2.   Defend it against objections—

Many are the objections confidently urged against the doctrines here maintained: and I most willingly acknowledge that these mysterious truths are to be stated with extreme caution, and that they should occupy only such a space in our general ministrations as they appear to occupy in the Holy Scriptures. Yet we must not keep back any part of divine truth; but, when occasion offers, must “declare the whole counsel of God.” It is true, that many pious men cannot receive these doctrines; and therefore we should, as much as possible, avoid such a statement of them as may wound their minds: still, however, we are not called to suppress the mention of them, but only to concede to others what we claim for ourselves, the right of forming our own judgment, and of being treated with respect and candor by those who differ from us.

It is said that the doctrines before stated are contrary to Scripture, to fact, and to the interests of morality.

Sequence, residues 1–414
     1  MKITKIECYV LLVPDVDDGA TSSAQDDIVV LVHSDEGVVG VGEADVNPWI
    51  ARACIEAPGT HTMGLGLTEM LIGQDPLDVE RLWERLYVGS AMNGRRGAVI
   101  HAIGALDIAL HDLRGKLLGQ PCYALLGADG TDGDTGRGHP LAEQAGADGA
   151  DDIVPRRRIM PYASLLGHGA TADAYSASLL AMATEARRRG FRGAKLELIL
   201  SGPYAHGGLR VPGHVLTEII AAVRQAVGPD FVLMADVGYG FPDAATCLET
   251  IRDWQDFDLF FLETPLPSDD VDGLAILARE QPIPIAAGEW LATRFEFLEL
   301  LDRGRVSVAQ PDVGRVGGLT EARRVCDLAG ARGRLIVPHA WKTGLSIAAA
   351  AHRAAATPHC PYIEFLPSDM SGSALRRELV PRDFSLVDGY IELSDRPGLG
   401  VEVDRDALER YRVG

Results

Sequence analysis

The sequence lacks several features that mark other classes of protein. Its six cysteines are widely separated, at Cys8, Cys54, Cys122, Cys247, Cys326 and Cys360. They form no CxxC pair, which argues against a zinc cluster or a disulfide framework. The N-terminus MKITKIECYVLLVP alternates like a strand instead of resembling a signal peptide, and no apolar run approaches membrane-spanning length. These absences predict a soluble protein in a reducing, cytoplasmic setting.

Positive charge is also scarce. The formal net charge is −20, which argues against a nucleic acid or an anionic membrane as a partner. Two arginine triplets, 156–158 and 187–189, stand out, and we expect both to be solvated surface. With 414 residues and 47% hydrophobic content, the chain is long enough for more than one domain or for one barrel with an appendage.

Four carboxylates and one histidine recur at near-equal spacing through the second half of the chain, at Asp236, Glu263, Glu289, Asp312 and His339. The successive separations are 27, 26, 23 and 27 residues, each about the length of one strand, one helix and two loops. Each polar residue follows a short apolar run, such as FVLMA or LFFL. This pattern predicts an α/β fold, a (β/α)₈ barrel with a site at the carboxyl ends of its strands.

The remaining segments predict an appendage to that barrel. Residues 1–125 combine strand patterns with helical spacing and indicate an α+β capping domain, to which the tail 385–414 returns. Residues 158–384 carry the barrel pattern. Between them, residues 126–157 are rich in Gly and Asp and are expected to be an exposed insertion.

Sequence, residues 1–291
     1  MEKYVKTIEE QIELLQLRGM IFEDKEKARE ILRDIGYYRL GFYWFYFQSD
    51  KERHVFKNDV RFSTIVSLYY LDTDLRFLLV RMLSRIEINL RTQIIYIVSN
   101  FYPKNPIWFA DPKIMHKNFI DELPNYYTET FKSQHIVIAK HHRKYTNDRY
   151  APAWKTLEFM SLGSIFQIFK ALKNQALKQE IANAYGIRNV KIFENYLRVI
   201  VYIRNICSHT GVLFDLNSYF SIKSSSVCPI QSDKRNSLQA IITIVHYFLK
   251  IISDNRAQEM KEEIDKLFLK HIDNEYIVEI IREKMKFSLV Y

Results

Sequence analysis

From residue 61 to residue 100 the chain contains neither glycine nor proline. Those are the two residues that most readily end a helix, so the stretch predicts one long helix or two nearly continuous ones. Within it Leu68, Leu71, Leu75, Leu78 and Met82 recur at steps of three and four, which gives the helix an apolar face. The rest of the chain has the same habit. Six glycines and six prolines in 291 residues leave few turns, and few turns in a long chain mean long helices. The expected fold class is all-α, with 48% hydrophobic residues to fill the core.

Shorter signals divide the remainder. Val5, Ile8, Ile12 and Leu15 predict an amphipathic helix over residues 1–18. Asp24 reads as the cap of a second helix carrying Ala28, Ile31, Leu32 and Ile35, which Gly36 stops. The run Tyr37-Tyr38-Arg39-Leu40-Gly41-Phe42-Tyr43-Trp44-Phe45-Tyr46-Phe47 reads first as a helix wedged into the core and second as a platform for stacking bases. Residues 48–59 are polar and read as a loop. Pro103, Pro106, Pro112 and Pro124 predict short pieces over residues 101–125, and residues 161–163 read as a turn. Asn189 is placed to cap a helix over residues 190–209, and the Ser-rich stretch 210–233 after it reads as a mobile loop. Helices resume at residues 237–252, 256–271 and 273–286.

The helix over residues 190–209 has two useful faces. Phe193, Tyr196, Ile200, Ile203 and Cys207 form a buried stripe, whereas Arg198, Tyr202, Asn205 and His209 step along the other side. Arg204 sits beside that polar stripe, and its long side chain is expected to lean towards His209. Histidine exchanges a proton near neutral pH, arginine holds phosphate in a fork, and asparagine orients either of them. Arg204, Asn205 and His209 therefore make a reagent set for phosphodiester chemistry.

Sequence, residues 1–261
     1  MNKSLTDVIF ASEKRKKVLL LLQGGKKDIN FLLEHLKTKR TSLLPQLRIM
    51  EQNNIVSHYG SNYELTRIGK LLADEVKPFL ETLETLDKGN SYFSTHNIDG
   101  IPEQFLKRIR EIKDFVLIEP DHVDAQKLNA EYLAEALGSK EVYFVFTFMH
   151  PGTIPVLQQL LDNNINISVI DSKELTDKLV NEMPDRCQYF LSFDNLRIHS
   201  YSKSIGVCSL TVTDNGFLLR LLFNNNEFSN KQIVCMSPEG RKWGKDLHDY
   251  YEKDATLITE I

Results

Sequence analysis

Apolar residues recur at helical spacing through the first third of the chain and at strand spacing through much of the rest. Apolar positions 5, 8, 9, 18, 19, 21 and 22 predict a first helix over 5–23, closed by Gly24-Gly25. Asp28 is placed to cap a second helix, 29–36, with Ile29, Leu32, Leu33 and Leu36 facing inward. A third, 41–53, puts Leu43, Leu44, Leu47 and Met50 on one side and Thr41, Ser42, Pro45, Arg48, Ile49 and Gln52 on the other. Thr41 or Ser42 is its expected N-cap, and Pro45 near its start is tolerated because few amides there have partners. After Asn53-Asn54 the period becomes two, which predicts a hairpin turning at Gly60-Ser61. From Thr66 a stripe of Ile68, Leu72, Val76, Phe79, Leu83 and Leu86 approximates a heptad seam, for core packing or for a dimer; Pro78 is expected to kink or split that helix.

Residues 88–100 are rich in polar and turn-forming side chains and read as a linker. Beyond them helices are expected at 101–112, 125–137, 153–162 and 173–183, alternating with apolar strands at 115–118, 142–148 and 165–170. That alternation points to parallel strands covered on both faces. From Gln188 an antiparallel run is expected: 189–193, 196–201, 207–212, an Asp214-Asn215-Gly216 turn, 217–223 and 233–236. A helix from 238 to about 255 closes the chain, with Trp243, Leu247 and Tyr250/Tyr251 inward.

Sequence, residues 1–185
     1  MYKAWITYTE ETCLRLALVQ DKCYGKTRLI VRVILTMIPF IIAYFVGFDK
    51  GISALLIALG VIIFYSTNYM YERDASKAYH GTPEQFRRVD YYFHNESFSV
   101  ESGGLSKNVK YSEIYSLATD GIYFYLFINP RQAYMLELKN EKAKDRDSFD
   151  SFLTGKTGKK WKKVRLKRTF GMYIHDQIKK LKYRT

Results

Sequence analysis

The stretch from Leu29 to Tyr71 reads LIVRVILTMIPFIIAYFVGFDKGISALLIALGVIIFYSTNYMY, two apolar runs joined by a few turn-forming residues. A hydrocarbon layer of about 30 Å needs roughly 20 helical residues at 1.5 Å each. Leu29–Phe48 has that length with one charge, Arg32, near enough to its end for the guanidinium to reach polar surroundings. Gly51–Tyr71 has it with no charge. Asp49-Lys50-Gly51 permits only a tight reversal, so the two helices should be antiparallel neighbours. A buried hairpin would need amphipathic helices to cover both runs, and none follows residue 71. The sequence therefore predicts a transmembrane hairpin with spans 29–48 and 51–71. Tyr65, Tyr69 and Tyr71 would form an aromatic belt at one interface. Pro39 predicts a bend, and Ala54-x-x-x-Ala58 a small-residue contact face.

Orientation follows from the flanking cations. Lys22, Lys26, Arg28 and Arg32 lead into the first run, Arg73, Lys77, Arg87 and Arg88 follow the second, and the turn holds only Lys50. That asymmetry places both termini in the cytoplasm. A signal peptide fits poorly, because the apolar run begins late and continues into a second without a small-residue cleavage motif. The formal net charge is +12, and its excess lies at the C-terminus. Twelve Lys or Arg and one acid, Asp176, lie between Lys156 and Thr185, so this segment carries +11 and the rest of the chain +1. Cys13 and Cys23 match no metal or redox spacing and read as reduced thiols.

The Scripture, it is said, abounds with warnings and exhortations to obedience; in many of which our final enjoyment of God’s favor is actually suspended on our perseverance in his ways. All this is true; and we are grieved, when any, from an undue attachment to human systems, attempt to deny it: but is it not also true that the Scriptures abound with passages of like import with the texte? The great fault of those who adopt human systems is, that they will be wise above what is written, and, instead of receiving God’s word as little children, will presume to reject everything which they cannot reconcile with their own favorite opinions. Who could ever reconcile God’s fore-knowledge with the free-will of man? but who will venture to deny either? So, we may not see how to reconcile God’s determination to keep his people, with his cautions against the danger of apostasy; and yet God’s determinations may exist, without superseding the need of fear and caution on our part; nay, I am persuaded, that they are carried into effect by means of that very fear which his warnings inspire. And this is, I apprehend, the true solution of the difficulty, as far as it can be solved by man. God’s precepts teach us what we ought to do: his exhortations put us upon making every exertion in our power: his threatenings humble us for our short-comings and defects: his promises incline us to look to him for strength: and his covenanted engagements encourage us to “hope even against hope,” and to renew our exertions in an assured expectation of ultimate success. View the different portions of Scripture in this way, and, whatever the heat of controversy may lead men to urge against each other, there will be found no real opposition between them, but a perfect harmony in every part.